In political blogging about the Great Recession it is a common thread to find someone or something to blame. Amidst all the mud-slinging and counter-arguing the easiest thing for the beleaguered voter to do is to blame the president. He is the most visible leader and the duly-appointed spokesperson for the country. But, any student of history is aware that economics is complicated and the root causes of its problems are hard to identify.
Columnist Morton Kondracke in today’s Globe (10/26/2010) injects some new thought on the issue by discussing the theories of one David Smick, a wealthy investor and editor of International Economy magazine. In a recent speech Smick sees the GR as a problem of historic proportions, one that is likely to cause high unemployment for many years to come. But what is really interesting is that Smick, a Republican by the way, blames BOTH parties for the mess. He says, “Since the economy collapsed in 2008, both Bush’s and Barack Obama’s administrations “caved into big banks’ power” instead of restructuring them, leading them not to lend.” He says that America may be “. . . the next Japan . . . lost in two decades of stagnation and pessimism.” Now why did Congress cave in to the banks? Could it be that their constituents wanted really cheap credit?
Smick says that there are “. . . up to $4 Trillion dollars sitting on the sidelines (i.e., in banks) waiting to invest in a new era of American confidence if the government changes policy and encourages small-business and start-up investment.” Exactly how to encourage that he doesn’t say, except that it would likely take a leader (also an Anson Burlingame theme) with the business acumen of a Michael Bloomberg and the political charm of a Ronald Reagan. Had I been asked to comment on Mr. Smick’s speech (like that could happen!), I would have noted that a good part of the much-maligned stimulus money has been directed that way, and the banks are sitting on that money too. After all, why should they risk so much as a penny until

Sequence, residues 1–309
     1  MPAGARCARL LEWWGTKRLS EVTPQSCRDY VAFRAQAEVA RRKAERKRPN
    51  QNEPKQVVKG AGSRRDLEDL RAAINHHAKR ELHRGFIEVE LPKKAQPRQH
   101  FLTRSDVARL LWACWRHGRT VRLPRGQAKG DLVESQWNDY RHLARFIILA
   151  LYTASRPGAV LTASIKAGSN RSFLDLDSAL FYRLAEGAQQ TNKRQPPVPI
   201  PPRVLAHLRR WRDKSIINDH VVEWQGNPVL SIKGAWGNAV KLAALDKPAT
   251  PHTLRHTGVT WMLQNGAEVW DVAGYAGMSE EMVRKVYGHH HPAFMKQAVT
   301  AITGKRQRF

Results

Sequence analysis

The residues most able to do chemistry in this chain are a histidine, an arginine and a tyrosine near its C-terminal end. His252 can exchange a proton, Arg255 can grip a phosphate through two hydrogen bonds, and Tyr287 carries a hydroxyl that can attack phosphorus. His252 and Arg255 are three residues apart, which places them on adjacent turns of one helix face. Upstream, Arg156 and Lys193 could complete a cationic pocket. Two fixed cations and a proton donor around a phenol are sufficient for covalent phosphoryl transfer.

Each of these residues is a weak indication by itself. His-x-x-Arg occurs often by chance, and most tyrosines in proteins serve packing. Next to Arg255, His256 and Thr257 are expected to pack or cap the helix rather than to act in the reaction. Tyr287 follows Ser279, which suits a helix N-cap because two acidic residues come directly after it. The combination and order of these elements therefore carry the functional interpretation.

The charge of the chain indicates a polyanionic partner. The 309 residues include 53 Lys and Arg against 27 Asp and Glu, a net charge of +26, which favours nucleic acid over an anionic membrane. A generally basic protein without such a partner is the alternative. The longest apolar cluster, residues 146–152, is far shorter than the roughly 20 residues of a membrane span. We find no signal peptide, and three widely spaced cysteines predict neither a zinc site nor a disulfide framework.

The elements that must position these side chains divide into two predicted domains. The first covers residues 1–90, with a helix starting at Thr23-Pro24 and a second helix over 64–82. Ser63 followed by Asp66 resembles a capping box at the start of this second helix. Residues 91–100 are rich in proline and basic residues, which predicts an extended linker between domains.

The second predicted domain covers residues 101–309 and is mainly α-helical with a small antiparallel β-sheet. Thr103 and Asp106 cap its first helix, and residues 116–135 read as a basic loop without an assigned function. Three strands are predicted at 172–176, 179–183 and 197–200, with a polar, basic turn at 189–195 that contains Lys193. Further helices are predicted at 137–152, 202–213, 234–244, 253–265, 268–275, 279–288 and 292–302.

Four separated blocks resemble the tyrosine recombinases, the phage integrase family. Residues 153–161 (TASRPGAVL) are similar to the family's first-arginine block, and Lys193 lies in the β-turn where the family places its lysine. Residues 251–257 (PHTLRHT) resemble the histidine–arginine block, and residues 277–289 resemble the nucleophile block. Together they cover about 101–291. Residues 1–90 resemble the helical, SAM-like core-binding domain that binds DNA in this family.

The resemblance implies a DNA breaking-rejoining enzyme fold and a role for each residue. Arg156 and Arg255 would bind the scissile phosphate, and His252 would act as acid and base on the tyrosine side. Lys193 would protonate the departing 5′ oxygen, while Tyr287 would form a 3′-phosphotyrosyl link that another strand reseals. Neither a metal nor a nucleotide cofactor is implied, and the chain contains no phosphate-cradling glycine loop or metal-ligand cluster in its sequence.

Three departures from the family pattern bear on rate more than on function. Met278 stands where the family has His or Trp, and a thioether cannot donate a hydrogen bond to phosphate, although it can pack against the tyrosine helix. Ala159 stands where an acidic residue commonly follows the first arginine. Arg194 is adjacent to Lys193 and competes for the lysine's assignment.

the economy improves? And the economy won’t improve until they do. Thus the circular conundrum.
Smick does make one very interesting statement. “Had Americans not been able to take out cheap home equity loans to engage in hyper-consumption, the U.S. economy for the entire George W. Bush administration would have grown each year by an average of 1 percent.” That word, hyper-consumption, caught my eye as significant. I recall before the bust that there was actually a TV program, “Flip That House“. Hyper-consumption. It resonates with our culture.
Ask the 82% or so of people still fully employed what is meant by “the American Dream”
and I think they would say, a bigger house, an extra car, a newer truck, a swimming pool, a vacation home, a longer vacation, more expensive dinners out. Bigger, extra, newer, longer, more, more, more. Hyper-consumption is even built into the fast-food meme. “Gimme a triple bacon cheese burger with fries and extra sauce. Oh, and a diet Coke with that.” Such is our mentality.
To review, dear reader, a Republican says that BANKS NEED MORE REGULATION, NOT LESS. And I say, it’s not all the banks’ fault, a big chunk of it is ours for mistaking QUANTITY for QUALITY. IMHO, we need to do more than “get a life”. We need to redefine what’s important in life.
Let’s notify Bloomberg and start resurrecting Ronald Reagan. They’re going to have their work cut out for them.